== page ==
Hello everybody, welcome to episode 89 of Optimal Living Advice, the podcast where we take any questions you might have about the many struggles of life and get them answered for you here on the show. I’m your host, certified life coach Greg Audino and today we’re going to talk a bit about changing negative thinking patterns to be a little more positive. That may sound flowery to some of you, but I promise there’s some structure to it. So let’s take a look at a very introspective question we received, and see what we can do to help out…
QUESTION: “People always tell me I’m very pessimistic about things. I’ve heard this from loved ones for a long time, and I’ve begun to hear it at work now too. I tell them I don’t do it on purpose, I really don’t. I guess I don’t realize when I’m doing it. I call it being realistic and is that such a bad thing? I think I’m positive enough when being positive is the right thing to do. Otherwise, I feel like I’m lying to myself and others and it’s in everyone’s best interest to be a realist. Still, I’m starting to feel like people are distancing themselves from me here and there and it seems to be the people who tell me I’m thinking negatively. I guess what I’m asking is shouldn’t I continue to be me? I like these people, but it feels like lying if I start changing the way I think just to make them happy.”
Listen to Greg narrate this post on Episode 89 of the podcast Optimal Living Advice.
Reframe Your Idea of Positive Thinking
All right, that’s a good question! I love the end especially because it sorta handcuffs me, doesn’t it?
You know we talk so much on here about bringing your truest self to your interactions so as to expedite the process of attracting the right, like minded people and dismissing those that maybe aren’t as compatible. You’re right, you should continue to be you and forcing some sort of change or selling out to appease others is not healthy and will only cause friction to come back down the road. But, hopefully we’re all humble enough to admit that sometimes change is good for us the changes others would like to see from us would actually be great for our overall wellbeing.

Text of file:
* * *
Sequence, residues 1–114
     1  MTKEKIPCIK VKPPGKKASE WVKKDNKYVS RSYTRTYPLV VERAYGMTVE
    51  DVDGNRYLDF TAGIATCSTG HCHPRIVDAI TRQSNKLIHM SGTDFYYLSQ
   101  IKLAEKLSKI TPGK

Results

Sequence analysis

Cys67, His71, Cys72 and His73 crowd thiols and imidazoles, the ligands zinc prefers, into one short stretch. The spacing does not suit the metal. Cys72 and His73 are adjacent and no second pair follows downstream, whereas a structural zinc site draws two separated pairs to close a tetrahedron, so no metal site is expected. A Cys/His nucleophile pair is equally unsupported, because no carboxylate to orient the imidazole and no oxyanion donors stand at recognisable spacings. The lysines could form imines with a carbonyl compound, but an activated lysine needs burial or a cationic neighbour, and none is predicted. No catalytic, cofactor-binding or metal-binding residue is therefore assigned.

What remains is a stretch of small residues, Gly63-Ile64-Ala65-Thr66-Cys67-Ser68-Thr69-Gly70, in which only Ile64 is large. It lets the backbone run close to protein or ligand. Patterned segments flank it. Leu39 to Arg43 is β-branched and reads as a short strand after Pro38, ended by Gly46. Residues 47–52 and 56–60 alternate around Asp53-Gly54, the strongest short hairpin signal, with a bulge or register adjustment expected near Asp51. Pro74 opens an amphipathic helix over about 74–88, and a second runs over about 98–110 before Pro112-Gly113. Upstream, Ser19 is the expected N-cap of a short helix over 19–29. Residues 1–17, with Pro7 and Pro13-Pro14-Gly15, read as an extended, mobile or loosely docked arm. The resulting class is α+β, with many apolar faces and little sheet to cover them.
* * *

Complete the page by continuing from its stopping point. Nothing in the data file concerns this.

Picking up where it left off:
Whether or not you feel that’s the case for you, I think today our time would be best spent to reframe your idea of positive thinking, realistic thinking, pessimistic thinking, and so on.
I do think there’s a piece of the puzzle you’re missing so I’ll at least share my perspective on these things for you, and should you find yourself changing organically and seeing your relationships benefit because of it, then wonderful. If you like what I have to say, maybe you can at least try it on for size for a bit to test it out a little.
Make Room for Positivity and Negativity
I’ve talked a bit before about positive thinking being done wrong a lot of the time. I had one video called Are You Positive About Positive Thinking and another one called Get Real, both of which you can find on gregaudino.com.
Basically, the faith surrounding the idea of thinking positive is sorta fading and being seen as a hippy fad that ignores the realities of the world. Maybe the way it used to be preached, that’s true. But that really puts positive thinking in a box, and it’s unfair.
If you’re going to be realistic about things, you have to make room for positivity as much as you make room for negativity. Reality should not be synonymous with negativity, and that’s how it’s often portrayed. This kind of logic comes from misinformed people that have not learned how to properly cope with their problems and continue to see the world from the lens of their own troubles. Reality is vast and balanced – positivity and negativity are both there. Good things happen and bad things happen. Being a true realist requires the acknowledgement for either of these.
Negativity: A Front for Positivity?
And for the people I just mentioned who drag positivity down and recognize it as a front for impending negativity, it’s just as easy to lift negativity up and recognize it as a front for positivity – and that’s much more empowering to me. Hear me out:
There’s a great book called The Art of Possibility by Rosamund and Benjamin Zander.